Sen­si­ble plan

To­tal refugee goal still in place

Cape Breton Post - - EDITORIAL -

The to­tal goal hasn’t changed, but the timeline has for bring­ing Syr­ian refugees into Canada, and likely all in­volved will find that a good thing.

The fed­eral gov­ern­ment said Tues­day that it would now aim to re­set­tle 10,000 peo­ple who have fled the war-torn coun­try by year’s end rather than the orig­i­nal goal of 25,000, with the re­main­ing 15,000 to be placed by the end of Fe­bru­ary.

An­other 10,000 or more are ex­pected to ar­rive later next year mean­ing we can ex­pect to take in ap­prox­i­mately 35,000 or more gov­ern­ment and pri­vately spon­sored refugees in the com­ing year.

That sounds a lot more re­al­is­tic con­sid­er­ing the mam­moth task – in spite of the mul­ti­tude of groups across the coun­try reach­ing out to help. It also pro­vides more of the re­as­sur­ance Cana­di­ans ex­pect re­gard­ing se­cu­rity screen­ing.

There’s that and – a lit­tle like Christ­mas – the end of De­cem­ber is creep­ing up on us pretty quick, all of which had made the task a bit daunt­ing.

The fed­eral gov­ern­ment, par­tic­u­larly a brand new one, wants to be dou­bly sure of pre­sent­ing an im­age that they are lis­ten­ing to Cana­di­ans.

Prime Min­is­ter Justin Trudeau and Pub­lic Safety Min­is­ter Ralph Goodale, in com­ment­ing on the slight timeline shift, ac­knowl­edged the pub­lic per­cep­tion re­gard­ing se­cu­rity con­cerns. Making this look like a rush job to hit an ar­bi­trar­ily im­posed dead­line would be rash.

Th­ese politi­cians are also em­pha­siz­ing that care­fully heed­ing se­cu­rity mea­sures is es­sen­tial. At a time when dom­i­nat­ing the head­lines are ac­tions of ter­ror­ists from the part of the world th­ese refugees are flee­ing, they want to elim­i­nate reser­va­tions and en­cour­age Cana­di­ans to be wel­com­ing. But also, the prac­ti­cal needs all have to be taken care of be­fore at­tempt­ing to pro­vide a new home for such num­bers.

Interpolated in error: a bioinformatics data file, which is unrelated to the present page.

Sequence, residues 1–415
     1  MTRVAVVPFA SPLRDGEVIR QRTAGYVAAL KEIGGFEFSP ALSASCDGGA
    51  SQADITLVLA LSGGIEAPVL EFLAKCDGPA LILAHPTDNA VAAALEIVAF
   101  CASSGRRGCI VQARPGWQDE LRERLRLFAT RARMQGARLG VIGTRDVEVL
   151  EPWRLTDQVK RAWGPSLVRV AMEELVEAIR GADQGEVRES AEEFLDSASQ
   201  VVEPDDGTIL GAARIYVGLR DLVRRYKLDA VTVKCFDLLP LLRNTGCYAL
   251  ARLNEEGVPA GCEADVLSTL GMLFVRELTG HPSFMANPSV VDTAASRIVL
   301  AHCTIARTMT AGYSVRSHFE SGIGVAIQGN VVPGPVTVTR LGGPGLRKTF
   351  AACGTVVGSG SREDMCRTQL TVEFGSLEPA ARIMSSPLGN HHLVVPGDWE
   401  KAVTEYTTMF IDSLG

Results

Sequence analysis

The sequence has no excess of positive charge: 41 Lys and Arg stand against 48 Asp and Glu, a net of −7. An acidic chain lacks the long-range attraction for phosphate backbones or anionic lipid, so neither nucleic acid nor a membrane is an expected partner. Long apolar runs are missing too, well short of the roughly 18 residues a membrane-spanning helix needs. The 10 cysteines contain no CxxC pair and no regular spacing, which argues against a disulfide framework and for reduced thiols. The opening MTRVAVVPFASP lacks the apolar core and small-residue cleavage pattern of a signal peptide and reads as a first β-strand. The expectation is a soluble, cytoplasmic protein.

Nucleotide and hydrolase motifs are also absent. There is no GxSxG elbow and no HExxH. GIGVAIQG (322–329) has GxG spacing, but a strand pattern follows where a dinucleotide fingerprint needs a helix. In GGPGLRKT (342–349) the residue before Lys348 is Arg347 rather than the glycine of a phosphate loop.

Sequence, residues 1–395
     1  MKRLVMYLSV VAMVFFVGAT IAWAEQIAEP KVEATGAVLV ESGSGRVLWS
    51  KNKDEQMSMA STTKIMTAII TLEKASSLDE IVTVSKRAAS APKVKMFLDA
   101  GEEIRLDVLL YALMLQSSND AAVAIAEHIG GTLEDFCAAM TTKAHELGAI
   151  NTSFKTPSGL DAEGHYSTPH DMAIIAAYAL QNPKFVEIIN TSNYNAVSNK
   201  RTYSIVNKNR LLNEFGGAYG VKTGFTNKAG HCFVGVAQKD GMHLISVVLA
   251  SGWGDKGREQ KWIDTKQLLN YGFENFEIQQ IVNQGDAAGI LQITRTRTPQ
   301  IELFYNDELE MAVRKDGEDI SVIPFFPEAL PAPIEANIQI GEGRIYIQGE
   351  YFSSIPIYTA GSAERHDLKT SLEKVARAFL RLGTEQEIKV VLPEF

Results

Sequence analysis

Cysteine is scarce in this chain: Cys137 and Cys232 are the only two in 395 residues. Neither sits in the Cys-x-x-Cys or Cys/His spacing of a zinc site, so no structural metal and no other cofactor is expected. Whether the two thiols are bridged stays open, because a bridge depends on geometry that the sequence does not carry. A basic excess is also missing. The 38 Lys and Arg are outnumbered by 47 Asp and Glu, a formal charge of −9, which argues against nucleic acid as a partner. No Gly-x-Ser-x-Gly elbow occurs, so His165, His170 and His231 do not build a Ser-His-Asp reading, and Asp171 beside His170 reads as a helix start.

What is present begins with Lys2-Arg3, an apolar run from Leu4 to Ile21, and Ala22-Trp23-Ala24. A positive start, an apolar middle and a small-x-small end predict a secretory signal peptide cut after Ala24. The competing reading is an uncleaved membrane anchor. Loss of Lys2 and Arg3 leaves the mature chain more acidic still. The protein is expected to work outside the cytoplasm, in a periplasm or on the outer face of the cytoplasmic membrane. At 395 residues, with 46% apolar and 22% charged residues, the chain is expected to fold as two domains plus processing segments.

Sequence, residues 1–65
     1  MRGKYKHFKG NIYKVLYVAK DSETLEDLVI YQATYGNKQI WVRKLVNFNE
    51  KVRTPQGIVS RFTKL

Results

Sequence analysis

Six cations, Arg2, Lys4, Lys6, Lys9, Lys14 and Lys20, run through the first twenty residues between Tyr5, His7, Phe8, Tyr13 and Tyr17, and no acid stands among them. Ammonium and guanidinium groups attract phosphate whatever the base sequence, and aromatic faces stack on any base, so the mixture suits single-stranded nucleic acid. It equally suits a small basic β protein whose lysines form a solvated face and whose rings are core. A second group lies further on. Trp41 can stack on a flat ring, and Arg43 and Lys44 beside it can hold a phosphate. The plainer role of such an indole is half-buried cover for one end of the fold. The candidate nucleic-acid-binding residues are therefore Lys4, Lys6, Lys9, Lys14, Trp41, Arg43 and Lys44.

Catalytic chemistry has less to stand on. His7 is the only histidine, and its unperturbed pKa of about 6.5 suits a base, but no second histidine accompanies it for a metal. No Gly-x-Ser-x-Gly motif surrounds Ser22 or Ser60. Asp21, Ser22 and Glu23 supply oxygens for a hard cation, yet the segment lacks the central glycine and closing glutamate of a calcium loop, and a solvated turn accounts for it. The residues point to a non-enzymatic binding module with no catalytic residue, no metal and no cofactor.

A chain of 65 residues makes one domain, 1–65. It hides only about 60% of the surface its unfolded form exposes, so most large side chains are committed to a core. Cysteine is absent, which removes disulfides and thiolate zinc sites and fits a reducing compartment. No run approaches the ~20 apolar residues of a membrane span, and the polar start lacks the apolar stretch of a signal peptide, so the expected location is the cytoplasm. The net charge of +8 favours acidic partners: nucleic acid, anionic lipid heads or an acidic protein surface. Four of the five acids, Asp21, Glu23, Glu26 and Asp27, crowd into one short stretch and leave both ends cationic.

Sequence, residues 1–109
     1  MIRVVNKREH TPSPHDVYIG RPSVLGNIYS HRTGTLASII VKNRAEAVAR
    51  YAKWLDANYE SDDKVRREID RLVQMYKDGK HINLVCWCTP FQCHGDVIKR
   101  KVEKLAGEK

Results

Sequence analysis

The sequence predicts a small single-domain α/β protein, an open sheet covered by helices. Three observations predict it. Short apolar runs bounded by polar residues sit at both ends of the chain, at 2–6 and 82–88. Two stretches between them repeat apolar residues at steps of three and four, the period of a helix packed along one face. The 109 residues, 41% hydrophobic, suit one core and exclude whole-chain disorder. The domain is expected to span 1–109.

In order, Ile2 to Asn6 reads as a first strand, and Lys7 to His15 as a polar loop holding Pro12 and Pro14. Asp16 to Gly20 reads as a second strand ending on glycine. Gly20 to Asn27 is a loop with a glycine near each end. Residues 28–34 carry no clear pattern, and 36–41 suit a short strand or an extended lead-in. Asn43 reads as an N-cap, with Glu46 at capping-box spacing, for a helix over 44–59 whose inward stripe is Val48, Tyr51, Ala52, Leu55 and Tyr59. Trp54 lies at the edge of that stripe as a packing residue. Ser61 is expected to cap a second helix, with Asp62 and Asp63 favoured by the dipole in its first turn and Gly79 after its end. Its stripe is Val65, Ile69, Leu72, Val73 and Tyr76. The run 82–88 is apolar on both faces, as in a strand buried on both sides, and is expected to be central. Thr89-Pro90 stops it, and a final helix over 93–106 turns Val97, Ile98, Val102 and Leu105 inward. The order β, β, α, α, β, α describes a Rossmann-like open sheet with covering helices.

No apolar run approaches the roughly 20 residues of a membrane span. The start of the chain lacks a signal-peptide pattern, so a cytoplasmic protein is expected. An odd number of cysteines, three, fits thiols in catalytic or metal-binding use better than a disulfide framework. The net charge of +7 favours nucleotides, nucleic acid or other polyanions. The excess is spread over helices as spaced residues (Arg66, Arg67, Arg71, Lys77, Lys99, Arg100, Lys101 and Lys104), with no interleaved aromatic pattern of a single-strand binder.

At the same time, church and com­mu­nity groups across the coun­try are work­ing now on get­ting re­quire­ments in place to host a fam­ily, along with the fund­ing it will re­quire. Groups in Cape Bre­ton are among those ea­ger to help in this wor­thy cause. No doubt the peo­ple spear­head­ing th­ese ef­forts are find­ing all the de­tails a chal­lenge.

That said, making steady progress to­wards pro­vid­ing a new home for peo­ple – some per­haps stay­ing now in refugee camps – is cru­cial given the time of year.

As an ed­i­to­rial in the Toronto Star noted, ‘the refugees will be emo­tion­ally vul­ner­a­ble, dis­ori­ented and stressed on their ar­rival. Many have been through hell and have lan­guished in ex­ile. Bring­ing peo­ple here in smaller waves will al­low the greeters – rang­ing from the mil­i­tary to provin­cial au­thor­i­ties, com­mu­nity or­ga­ni­za­tions and pri­vate in­di­vid­u­als – to learn from ex­pe­ri­ence and ease the way for later refugees.’

The re­sponse – from the fed­eral and provin­cial gov­ern­ments and from com­mu­nity groups – has been in­spir­ing and en­cour­ag­ing. But it’s just the be­gin­ning, in many ways, as the learn­ing ex­pe­ri­ence will con­tinue in help­ing th­ese new res­i­dents fit in com­fort­ably as Cana­di­ans.

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